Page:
Beyond irrational and other thoughts

Our Students Again….

Friday March 19th, we had a special session for admitted students, organized by Felicia Mebane and Sherry Rhodes. Felicia is quite a wonderful ham when given the opportunity, and Julie MacMillan, Peggy Bentley and Wizdom Hammond all did a great job of reaching out to these really bright people who’ve been admitted to the School but, in some cases, haven’t yet decided. Our student leaders were fabulous. Patsy Polston (co-chair Minority Student Caucus, ESE student) was exuberant about some of the opportunities our students have to travel (She worked on a project in India last summer.) and help solve local problems. (She and Engineers without Borders are helping to bring safe water to the Rogers Road community in Chapel Hill. Yes, Chapel Hill. Isn’t that outrageous! Surely, Chapel Hill can do better.)

Predictably Irrationalariely1.jpg

I am reading the very interesting book, Predictably Irrational by Dan Ariely. (For people who want to sample his work, he is an author of an article in this month’s Harvard Business Review.) In the book, Ariely uses behavioral economics to understand things we do that don’t seem to make sense. His work has application to public health and everyday life. For example, he talks about the power of Free which often underestimates the value of our time. Someone might stand in a long line to get something for free, but getting it free may be outweighed by the opportunity cost of standing in line. We should think, Ariely says, not just about what we get but also what we give up. Draws of Free high fat foods have been among the many enemies in our fight against obesity. Offering consumers bad food at what appears to be good value usually means portion sizes that are too large and calorie dense. Ariely also says we have an irrational compulsion to keep doors open. Or put it another way, we don’t like closing doors, whether it is the one-too-many committees we have joined, because we could not say no or the two digital cameras we’re agonizing over (and spending far too much time doing). He says we ought to shut some doors, because they draw energy and commitment from the doors that should be left open. Now, think about that!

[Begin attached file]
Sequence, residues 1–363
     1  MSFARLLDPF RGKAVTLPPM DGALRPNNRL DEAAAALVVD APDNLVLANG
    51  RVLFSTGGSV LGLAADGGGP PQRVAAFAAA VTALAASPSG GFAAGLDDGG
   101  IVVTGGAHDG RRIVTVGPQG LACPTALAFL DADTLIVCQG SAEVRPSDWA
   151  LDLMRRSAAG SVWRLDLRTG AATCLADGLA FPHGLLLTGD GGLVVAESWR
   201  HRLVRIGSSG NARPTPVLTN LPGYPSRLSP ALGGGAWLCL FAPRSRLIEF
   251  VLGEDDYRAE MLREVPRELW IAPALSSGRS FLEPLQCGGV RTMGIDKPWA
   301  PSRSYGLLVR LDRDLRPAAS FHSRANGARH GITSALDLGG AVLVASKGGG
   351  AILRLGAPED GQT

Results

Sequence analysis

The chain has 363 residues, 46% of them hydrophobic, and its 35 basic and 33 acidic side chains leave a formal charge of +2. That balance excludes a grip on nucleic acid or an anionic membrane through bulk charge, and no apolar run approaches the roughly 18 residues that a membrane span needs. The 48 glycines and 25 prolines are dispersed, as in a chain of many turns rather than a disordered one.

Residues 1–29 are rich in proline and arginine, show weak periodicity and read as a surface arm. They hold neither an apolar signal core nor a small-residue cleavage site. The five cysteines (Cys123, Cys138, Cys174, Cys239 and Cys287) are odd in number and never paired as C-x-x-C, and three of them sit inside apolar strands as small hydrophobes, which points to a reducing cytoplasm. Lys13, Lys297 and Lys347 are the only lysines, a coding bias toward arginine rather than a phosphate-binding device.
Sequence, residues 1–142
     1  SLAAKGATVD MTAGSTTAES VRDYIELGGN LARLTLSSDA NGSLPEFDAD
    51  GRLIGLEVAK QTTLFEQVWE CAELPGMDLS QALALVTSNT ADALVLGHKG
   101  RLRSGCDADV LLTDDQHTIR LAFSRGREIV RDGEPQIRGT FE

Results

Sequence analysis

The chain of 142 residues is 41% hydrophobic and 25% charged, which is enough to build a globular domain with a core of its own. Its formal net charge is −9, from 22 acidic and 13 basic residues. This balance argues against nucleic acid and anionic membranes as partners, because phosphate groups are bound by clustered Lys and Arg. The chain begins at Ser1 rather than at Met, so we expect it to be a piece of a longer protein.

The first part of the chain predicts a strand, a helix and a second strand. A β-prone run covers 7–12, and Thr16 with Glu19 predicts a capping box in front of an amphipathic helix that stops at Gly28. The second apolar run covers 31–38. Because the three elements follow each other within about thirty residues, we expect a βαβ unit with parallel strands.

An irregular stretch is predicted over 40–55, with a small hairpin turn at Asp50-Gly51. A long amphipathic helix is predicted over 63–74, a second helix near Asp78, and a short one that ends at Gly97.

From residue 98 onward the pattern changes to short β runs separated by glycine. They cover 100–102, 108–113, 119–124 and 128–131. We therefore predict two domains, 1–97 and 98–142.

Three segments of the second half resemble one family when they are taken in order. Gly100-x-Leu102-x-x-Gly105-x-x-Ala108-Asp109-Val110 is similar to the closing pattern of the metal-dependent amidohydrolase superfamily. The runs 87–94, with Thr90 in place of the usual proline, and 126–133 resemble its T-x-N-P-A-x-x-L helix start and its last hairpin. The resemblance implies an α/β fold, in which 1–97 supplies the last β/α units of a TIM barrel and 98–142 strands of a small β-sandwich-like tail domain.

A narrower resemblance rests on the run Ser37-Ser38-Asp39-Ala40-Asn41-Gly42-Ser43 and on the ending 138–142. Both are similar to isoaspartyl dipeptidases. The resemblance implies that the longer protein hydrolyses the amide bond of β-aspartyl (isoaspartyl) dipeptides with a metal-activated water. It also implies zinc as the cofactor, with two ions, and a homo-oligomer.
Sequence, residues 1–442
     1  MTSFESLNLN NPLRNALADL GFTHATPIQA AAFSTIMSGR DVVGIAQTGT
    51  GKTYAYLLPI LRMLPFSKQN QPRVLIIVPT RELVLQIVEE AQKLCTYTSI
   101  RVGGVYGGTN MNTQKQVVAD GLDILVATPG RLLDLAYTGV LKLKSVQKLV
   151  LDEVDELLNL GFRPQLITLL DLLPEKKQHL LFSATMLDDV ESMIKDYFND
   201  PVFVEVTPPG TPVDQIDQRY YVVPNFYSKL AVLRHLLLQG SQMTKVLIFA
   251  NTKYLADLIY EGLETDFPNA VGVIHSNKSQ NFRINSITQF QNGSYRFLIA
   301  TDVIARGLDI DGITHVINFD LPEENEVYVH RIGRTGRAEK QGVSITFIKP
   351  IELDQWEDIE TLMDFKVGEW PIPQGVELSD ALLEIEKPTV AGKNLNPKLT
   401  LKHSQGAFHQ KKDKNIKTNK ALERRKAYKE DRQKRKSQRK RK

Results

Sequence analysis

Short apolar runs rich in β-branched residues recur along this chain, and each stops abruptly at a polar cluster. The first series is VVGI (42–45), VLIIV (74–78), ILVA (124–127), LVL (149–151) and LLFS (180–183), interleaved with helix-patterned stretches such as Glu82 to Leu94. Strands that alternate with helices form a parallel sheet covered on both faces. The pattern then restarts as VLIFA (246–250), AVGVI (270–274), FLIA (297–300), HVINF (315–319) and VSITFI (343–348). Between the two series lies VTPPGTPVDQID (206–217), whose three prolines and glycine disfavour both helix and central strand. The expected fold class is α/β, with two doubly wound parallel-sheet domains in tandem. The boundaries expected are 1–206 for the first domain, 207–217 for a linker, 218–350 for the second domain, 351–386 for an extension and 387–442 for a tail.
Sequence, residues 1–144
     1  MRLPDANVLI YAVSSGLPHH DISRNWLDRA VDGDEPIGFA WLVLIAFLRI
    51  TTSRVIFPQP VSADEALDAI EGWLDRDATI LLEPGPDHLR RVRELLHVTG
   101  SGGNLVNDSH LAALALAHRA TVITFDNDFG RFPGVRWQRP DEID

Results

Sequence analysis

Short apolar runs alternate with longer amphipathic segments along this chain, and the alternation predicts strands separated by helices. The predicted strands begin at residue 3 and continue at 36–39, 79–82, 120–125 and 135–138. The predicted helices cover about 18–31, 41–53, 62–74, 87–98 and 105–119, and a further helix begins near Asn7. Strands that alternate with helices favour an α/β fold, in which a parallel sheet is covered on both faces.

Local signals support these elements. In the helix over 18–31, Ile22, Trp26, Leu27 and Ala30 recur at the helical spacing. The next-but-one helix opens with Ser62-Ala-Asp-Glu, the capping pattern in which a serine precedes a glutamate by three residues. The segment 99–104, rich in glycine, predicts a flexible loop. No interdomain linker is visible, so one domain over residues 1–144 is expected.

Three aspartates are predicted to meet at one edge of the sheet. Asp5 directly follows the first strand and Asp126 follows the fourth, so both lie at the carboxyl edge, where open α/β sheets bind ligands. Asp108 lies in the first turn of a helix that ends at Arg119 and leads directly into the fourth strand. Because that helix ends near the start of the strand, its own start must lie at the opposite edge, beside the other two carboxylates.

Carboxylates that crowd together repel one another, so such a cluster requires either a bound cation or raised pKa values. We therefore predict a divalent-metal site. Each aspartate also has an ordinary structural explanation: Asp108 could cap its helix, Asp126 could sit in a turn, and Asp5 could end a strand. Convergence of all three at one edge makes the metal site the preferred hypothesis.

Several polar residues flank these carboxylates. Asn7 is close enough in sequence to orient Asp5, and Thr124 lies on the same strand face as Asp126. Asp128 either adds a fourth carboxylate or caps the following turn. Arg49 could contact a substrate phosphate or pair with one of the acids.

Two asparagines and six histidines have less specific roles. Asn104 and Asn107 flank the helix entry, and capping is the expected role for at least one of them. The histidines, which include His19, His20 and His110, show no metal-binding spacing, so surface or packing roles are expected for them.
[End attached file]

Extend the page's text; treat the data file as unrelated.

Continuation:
Dan Ariely will also be speaking at our School on Friday, March 26 from 10 to 10:45 a.m. in the Rosenau Auditorium (133 Rosenau Hall). Join us!

IMPRESSIVE NEW BLOG

Emily Brostek, student in HBHE, pointed me to a new blog from the Interdisciplinary Health Communication certificate program at UNC-Chapel Hill called Upstream. They’ll be posting at least once every day Monday through Friday, and hope to generate some real discussions around health communication related issues! I like it a lot!

Signing Off

My sister Sara tells me not to write about the weather, but I cannot help it! It is a gorgeous day in Chapel Hill. Franklin Street is packed with people in shorts and tee shirts. Trees are flowering, the daffodils are blooming, maybe the economy is improving, and spring is here. Not a minute too soon! Happy Monday. Barbara

Featured Posts

Leave a Reply

Your email is never shared. Required fields are marked*.

XHTML: You can use these tags: <a href="" title=""> <abbr title=""> <acronym title=""> <b> <blockquote cite=""> <cite> <code> <del datetime=""> <em> <i> <q cite=""> <s> <strike> <strong>